THE FAMOUS OLD WIND MILLS OF THE WORLD

Posted in History Around The World | July 22, 2010 | 0 Comments


Wind power has for long caught the attention of humans. The sails have put a water-vessel to motion, the crops have been threshed using the power of wind, and the turbines of a windmill have rotated using wind.

The next logical step was to use wind to provide for mechanical power. The first windmill was designed and created in the 9th century and was used to grind corn as well as to pump water.

The first windmills of Europe made a rather late appearance in the 12th century. They may have been inspired by the Middle East’s vertical-axle windmills. This, however, seems little unlikely given the fact that the Europeans used a different design from that which was seen in the Middle East. Almost all the windmills of Europe were seen to rotate on what was a horizontal axis.

6) Rhodes Windmills, Greece

The Mandraki Harbor, where these windmills lie, was once upon a time, the military port of ancient Rhodes. It was home to the famous Colossus of Rhodes, which was considered one of the Seven Wonders of the World. The long wave breaker, as it is known, has three windmills dating back to the medieval ages. They once were used to grind the grains that were undocked from the merchant vessels at the harbor.

5) Oland Windmills, Sweden

Oland is considered the second largest island of Sweden. It is sparsely populated. The island is dominated by farm lands and woods. The 400 odd wooden windmills of Oland have become synonymous with the image of this island. Each of these windmills was created for the needs of individual farms. In today’s day and date, they’re protected monuments now.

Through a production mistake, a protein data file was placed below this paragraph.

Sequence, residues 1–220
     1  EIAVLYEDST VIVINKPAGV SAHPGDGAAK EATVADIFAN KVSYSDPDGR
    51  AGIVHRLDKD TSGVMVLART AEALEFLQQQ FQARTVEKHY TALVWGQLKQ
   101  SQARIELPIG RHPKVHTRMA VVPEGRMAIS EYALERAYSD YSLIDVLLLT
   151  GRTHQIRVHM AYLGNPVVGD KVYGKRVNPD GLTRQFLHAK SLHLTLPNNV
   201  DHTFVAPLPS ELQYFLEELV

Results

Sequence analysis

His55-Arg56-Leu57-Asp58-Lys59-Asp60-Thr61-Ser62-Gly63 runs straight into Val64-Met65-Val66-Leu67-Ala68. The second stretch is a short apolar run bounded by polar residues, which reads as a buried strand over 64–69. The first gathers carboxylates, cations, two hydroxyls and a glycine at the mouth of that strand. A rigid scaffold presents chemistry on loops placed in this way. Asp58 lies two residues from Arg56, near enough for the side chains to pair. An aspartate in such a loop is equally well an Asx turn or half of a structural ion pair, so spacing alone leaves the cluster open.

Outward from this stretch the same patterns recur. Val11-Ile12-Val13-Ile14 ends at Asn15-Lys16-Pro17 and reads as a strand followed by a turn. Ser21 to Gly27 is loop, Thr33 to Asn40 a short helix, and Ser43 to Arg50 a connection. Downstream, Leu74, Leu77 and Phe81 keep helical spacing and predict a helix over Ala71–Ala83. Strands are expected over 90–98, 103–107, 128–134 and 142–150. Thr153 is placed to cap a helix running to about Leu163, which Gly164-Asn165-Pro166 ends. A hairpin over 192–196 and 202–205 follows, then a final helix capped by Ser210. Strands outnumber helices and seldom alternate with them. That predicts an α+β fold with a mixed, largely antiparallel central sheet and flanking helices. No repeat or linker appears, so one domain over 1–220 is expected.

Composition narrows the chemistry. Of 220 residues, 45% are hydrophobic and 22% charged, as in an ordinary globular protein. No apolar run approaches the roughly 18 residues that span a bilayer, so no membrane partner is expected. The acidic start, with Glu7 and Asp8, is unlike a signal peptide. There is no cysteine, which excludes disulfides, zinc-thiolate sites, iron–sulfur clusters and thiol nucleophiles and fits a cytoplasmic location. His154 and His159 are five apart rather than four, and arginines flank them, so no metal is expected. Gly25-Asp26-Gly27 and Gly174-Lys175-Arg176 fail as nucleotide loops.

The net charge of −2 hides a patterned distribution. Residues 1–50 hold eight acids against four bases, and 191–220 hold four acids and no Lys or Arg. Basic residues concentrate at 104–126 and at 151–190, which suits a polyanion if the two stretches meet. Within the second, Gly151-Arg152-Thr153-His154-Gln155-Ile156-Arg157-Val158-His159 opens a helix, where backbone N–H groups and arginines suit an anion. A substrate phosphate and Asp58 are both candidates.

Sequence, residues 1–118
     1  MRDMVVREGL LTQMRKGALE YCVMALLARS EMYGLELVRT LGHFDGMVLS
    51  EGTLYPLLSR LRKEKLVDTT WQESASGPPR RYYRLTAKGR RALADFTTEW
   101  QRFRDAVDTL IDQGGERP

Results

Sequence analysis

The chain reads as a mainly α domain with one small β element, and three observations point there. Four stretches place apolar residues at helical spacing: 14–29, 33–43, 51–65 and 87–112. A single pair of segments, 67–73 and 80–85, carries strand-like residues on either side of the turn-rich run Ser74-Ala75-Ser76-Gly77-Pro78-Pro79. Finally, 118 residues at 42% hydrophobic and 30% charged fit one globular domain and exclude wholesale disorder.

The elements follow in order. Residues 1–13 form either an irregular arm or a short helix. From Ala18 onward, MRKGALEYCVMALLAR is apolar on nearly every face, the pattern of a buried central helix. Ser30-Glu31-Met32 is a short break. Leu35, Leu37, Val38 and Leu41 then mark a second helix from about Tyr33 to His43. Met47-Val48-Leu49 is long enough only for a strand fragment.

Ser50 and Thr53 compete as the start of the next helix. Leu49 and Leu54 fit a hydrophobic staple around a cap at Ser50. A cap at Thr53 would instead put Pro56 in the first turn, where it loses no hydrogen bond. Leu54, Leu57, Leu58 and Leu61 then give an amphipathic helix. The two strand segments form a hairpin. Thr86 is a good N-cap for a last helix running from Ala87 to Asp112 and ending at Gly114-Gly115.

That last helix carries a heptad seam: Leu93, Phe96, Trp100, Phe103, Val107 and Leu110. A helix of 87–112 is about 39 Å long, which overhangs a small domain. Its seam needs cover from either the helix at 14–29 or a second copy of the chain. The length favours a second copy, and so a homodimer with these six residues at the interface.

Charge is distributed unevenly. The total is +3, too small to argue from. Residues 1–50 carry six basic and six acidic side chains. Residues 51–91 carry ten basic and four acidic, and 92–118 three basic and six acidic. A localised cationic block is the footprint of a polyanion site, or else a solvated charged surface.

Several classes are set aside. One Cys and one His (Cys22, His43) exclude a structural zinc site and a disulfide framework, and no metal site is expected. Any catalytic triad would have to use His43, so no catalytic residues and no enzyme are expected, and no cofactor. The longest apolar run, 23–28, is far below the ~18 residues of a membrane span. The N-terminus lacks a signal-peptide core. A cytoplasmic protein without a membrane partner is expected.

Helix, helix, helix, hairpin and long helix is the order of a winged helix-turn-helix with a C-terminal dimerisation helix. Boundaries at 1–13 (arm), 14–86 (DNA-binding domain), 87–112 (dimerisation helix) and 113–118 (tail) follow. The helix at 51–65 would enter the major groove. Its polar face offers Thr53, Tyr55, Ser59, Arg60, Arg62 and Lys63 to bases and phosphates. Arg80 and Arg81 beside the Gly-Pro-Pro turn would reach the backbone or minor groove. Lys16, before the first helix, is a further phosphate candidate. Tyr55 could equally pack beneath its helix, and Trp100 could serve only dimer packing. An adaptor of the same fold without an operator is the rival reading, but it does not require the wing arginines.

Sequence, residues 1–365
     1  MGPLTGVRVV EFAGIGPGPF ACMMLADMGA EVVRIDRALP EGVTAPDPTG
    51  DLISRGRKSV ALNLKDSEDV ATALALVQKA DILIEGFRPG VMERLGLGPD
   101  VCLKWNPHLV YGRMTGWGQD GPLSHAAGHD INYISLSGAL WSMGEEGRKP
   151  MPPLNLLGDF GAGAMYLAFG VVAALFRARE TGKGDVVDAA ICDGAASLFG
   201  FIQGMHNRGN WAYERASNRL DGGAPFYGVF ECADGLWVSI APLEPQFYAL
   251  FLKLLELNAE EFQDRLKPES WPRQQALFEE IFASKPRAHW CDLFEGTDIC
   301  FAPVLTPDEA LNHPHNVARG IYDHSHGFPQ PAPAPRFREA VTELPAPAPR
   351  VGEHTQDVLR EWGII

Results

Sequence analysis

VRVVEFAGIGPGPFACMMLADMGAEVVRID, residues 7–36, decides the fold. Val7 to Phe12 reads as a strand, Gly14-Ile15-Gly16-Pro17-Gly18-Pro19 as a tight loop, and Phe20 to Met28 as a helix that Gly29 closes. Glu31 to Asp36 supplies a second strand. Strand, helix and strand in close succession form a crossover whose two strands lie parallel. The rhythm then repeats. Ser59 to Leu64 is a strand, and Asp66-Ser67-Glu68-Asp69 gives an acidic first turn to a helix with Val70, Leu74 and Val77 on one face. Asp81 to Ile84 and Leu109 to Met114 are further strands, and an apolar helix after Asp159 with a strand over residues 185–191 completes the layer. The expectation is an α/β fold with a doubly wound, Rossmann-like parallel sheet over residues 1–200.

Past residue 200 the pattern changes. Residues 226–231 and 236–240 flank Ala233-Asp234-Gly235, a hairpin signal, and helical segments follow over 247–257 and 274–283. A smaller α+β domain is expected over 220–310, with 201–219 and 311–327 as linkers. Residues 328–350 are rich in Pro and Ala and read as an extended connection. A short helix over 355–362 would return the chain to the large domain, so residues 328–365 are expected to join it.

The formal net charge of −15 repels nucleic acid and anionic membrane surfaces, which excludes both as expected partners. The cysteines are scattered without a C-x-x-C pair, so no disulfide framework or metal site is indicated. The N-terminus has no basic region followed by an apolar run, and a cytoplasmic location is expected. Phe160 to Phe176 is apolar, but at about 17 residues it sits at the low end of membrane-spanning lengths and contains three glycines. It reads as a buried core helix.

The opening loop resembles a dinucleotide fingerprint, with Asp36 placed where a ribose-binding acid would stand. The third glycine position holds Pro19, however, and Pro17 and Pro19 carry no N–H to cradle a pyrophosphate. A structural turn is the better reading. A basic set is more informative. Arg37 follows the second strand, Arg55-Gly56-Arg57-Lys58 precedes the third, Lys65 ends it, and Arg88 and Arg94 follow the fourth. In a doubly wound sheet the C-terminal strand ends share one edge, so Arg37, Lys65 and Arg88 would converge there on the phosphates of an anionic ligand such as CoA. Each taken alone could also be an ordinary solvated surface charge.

4) Zaanse Schans, Netherlands

The area of Zaanse Schans is an open – air conservation area and museum. It is located on the bank of River Zaan in Netherlands; and displays what can typically be called architecture traditional to the area. There are black and green wooden houses, craftsmen’s workshops and several windmills that are functioning till date. Almost all of these are open to visitors.

3) The Windmills of La Mancha, Spain

The vast and arid plains of Spain (central region) are home to the Castilla –La Mancha. The land is characterized by its medieval castles, wine and the famous windmills.

2) Mykonos Windmills, Greece

The windmills of Mykonos are the most recognized structures on the island. The group of 5 windmills is perhaps the first thing you will notice on landing on the island. They stand atop a hill which makes them even more viewable. On the island of Mykonos stand around 16 windmills in total. Most of these were built by the Venetians during the 16th century and were used to grind wheat. They stopped being used by the end of the 20th century.

1) Kinderdijk, Netherlands

Around 1000 windmills continue to exist in Netherlands. The largest concentration of them, however, can be found at Kinderdijk. These were used to drain the excess water which was present in the polders, which were situated below the sea levels. Around 19 of these windmills were built in 1740.They have been well maintained and can still be used till date, though mechanical pumps have now taken over what was earlier their sole task.

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